In related news, the ABA House of Delegates adopted a resolution today opposing any cuts in funding for the Legal Services Corporation in the current fiscal year. Resolution 10E passed the body on a voice vote. Last week, congressional Republicans unveiled a proposal to cut $75 million from the LSC budget for the remainder of fiscal year 2011.
Read the House of Delegates' resolution
Repeat DUI offenders denied bond
Some general sessions judges and night court magistrates in the Middle Tennessee have been jailing repeat DUI offenders -- even those facing misdemeanor charges -- without bond because they believe a new law requires them to do so. According to the state attorney general, however, the law -- while maybe not clear -- was not intended to direct judges to deny bail, but was adopted to encourage electronic monitoring devices and random drug tests while DUI offenders wait for their day in court. In Davidson County, Criminal Court Judge Mark Fishburn has intervened and ordered a stop to the denial of bond in such cases.
Read more in the Tennessean
Lawsuit challenges sheriff's immigration powers
An American citizen detained twice by the Davidson County Sheriff's Office on suspicion of being an illegal immigrant is now suing the office, demanding it be banned from participating in a federal deportation program. On Feb. 25, a Davidson County Chancery Court judge likely will decide whether to grant a temporary injunction. Immigration lawyers in the state say they are watching the case with interest.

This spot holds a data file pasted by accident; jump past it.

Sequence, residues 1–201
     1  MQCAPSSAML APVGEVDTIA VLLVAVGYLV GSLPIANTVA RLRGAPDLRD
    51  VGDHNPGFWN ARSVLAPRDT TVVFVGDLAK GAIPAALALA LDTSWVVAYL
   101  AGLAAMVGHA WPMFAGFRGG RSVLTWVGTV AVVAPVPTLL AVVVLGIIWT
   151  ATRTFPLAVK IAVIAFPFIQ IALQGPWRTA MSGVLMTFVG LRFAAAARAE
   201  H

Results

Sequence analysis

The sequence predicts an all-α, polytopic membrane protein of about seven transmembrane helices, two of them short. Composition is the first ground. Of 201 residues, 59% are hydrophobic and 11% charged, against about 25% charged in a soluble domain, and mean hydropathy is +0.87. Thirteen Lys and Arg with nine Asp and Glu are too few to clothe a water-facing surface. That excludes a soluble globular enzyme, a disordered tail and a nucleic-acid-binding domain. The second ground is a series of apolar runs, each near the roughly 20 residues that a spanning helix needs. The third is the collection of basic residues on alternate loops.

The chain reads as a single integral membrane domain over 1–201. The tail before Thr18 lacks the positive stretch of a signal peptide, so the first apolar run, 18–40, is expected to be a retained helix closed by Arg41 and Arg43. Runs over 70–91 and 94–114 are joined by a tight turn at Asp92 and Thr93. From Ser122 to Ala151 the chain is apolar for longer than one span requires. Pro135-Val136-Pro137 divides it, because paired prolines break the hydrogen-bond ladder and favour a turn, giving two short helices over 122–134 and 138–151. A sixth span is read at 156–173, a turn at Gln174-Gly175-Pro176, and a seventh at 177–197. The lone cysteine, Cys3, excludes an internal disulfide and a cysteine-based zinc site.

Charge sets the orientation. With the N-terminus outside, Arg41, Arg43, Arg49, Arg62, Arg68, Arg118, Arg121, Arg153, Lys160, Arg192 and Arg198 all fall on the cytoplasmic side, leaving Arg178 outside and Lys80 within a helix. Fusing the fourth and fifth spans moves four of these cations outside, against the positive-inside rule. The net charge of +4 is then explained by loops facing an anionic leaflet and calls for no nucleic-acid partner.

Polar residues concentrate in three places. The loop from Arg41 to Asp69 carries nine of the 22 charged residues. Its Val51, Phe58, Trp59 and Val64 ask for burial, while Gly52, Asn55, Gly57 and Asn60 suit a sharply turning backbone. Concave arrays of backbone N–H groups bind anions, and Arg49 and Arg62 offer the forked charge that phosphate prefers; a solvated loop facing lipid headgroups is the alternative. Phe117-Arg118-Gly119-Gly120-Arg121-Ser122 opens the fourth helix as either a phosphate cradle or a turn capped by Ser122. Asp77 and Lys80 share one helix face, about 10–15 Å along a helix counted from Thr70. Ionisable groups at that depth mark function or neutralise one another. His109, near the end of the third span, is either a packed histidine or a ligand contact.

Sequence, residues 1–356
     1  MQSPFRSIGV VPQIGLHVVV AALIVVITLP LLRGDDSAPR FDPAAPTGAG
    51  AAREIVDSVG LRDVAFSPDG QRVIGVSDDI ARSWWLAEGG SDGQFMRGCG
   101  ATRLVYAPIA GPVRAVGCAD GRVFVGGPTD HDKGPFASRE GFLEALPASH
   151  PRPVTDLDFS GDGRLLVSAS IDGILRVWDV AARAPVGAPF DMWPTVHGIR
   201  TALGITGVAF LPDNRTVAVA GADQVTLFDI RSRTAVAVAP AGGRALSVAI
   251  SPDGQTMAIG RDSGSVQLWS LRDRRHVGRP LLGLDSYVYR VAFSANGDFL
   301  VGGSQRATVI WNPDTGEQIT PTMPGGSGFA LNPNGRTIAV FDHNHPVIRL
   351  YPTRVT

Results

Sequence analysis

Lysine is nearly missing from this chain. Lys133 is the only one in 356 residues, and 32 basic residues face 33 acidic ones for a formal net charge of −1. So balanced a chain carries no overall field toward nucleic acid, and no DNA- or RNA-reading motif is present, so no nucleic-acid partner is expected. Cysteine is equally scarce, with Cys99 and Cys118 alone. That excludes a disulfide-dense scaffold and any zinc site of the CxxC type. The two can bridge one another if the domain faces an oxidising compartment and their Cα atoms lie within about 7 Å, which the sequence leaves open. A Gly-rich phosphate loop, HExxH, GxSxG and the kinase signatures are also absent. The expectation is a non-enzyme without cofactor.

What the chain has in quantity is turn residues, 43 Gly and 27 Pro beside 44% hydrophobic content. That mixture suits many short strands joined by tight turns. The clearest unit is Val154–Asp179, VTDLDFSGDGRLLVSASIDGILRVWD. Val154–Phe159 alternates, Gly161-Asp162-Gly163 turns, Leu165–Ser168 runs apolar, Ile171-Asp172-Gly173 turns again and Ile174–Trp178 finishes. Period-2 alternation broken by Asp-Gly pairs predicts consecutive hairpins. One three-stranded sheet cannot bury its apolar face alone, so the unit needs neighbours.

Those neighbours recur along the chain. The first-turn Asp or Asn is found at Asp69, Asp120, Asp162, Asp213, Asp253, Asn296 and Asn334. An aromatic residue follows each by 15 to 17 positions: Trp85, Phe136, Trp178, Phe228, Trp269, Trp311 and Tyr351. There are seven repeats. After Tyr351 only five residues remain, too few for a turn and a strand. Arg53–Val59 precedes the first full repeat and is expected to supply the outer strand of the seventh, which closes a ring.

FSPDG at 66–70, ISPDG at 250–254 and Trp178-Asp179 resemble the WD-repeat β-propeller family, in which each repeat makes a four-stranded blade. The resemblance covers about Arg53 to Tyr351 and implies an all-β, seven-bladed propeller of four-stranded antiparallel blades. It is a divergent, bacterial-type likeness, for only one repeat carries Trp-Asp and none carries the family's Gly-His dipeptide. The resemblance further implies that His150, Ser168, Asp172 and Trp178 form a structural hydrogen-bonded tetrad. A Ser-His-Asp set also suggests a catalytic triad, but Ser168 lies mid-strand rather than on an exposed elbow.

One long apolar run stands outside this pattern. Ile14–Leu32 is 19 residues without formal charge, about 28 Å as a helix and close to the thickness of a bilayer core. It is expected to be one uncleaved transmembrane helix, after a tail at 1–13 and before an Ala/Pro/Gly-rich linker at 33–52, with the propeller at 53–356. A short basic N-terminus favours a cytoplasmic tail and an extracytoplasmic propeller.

Learn more in the Tennessean
Chattanooga lawyers form new firm
Chattanooga lawyers William H. Horton, Carol Ballard and Bill Pemerton have formed the new law firm of William H. Horton & Associates PLLC, which will focus on general business and litigation. The office will be located in the James Building in downtown Chattanooga. has more
ABA task force on court funding hears tales of woe
The American Bar Association Task Force on Preservation of the Justice System held its inaugural meeting in Atlanta last week as part of the ABA's midyear meeting. The task force is charged with addressing "the severe underfunding of our justice system, depletion of resources, and the courts' struggle to render their constitutional function and provide access to justice for countless Americans." Testimony before the panel included stories of judges going without health insurance, courts soliciting free pens from vendors and one state's decision to suspend civil jury trials for a year to save money.
Learn more about the hearing
Businesses shift strategy in hiring lawyers
The recession has brought changes to the business of law as companies try to find ways to lower fees and enter into less costly billing arrangements. Industry experts say some of these strategies include using junior associates at a lower billing rate, engaging different lawyers for specific issues, and paying by the hour rather than by retainer. In a New York Times article reprinted in the Memphis Commercial Appeal, business consultants and law firm managers offer their insights for making legal services affordable for small businesses.